Millions of people who have been terrified of colon cancer screenings (especially colonoscopies) can now get the noninvasive home test that seems to be pretty acceptable for virtually anyone.
What it does is analyze stool for cancer-related DNA. Currently, there are too few people who are actually getting screened for colon cancer, a deadly disease with a dear outcome. While colonoscopies as well as other screening tests do save lives, doctors still aren’t sure whether the Cologuard also does the trick.
“It looks promising,”
Dr. Barnett Kramer, National Cancer Institute Screening Expert said, although mentioning that its impact on cancer risk and cancer survival have yet to be analyzed.
There are many patients exceptionally reserved when it comes to invasive medical procedures. As such, the Cologuard is a possible alternative, especially for those who have never been screened for colon cancer.
“He pulled out one of those really colorful brochures they have for all those procedures. [but when the doctor mentioned the new DNA test] I said, well, sign me up.”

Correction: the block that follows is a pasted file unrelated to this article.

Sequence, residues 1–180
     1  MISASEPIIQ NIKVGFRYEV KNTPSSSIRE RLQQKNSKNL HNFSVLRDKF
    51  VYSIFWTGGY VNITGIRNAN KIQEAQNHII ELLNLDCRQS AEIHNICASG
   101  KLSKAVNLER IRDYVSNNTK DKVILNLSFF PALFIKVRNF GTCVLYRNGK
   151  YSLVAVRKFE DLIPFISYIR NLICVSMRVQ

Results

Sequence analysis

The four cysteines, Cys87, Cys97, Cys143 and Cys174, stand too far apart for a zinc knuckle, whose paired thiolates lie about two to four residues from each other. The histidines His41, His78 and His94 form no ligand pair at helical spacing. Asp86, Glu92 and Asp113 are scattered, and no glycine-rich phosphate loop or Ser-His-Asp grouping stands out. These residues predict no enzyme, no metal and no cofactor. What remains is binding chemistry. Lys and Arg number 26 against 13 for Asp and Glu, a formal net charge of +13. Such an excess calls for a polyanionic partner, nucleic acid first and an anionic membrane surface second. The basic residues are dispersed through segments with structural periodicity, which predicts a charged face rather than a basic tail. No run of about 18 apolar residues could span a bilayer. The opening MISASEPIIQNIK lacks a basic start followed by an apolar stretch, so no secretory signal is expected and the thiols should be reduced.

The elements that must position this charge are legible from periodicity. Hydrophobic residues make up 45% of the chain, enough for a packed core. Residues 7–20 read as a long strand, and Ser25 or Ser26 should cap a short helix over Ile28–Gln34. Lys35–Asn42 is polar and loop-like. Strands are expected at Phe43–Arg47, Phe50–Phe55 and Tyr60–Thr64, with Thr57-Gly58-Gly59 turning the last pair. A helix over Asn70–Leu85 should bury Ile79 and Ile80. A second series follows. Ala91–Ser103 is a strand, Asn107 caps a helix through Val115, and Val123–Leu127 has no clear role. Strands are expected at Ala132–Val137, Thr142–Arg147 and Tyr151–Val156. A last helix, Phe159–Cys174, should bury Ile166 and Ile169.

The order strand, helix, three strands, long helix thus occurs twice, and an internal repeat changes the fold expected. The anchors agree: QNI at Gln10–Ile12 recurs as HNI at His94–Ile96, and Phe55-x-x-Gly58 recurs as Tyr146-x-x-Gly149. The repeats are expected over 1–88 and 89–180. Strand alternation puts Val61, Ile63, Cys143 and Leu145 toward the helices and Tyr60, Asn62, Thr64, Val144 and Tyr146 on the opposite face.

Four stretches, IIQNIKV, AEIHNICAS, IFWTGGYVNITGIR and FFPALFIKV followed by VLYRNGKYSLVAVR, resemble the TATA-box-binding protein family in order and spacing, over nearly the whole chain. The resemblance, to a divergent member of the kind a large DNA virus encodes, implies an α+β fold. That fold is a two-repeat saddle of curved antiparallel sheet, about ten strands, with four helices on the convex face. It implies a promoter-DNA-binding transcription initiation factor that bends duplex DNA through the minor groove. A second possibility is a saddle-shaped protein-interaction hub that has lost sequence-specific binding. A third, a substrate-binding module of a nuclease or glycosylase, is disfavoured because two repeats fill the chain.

said David Smith, 67-year-old patient who wasn’t very keen on barium enemas or scope examinations.
Last month, the FDA (Food and Drug Administration) approved the test so that it can begin to be offered by prescription.
It works by detecting DNA that could signal cancer or precancerous growths when patients send the stool samples to laboratories. If the Cologuard comes back positive, the precancerous growths or possible tumors have to be assessed via colonoscopy. Polyps can be removed and cancers assessed.
Although Cologuard is being marketed as an alternative, the test hasn’t been directly tested against colonoscopies, which are the “gold standard” for colon cancer detection. Dr. Harold Hal Sox, Dartmouth professor who formerly headed the preventive services force considers Cologuard to be “pretty darn good” at detecting cancers, despite missing more pre-cancers than colonoscopies would.
“One could look at it and say that’s a glass half empty, half full,”
Dr. Kramer said about the test, which sadly offers more false alarms than colonoscopies. Cologuard correctly ruled out colon cancer in 87 percent of the time as opposed to 95 percent for other tests.
“You’d rather have more options than not, but I don’t think there’s enough data to declare this test superior to any other test [because of the false positives and lack of proof that it will save lives.] It definitely has some promise.”
Dr. Keneth Lin, Georgetown University family physician and former staff doctor for the preventive services task force, said.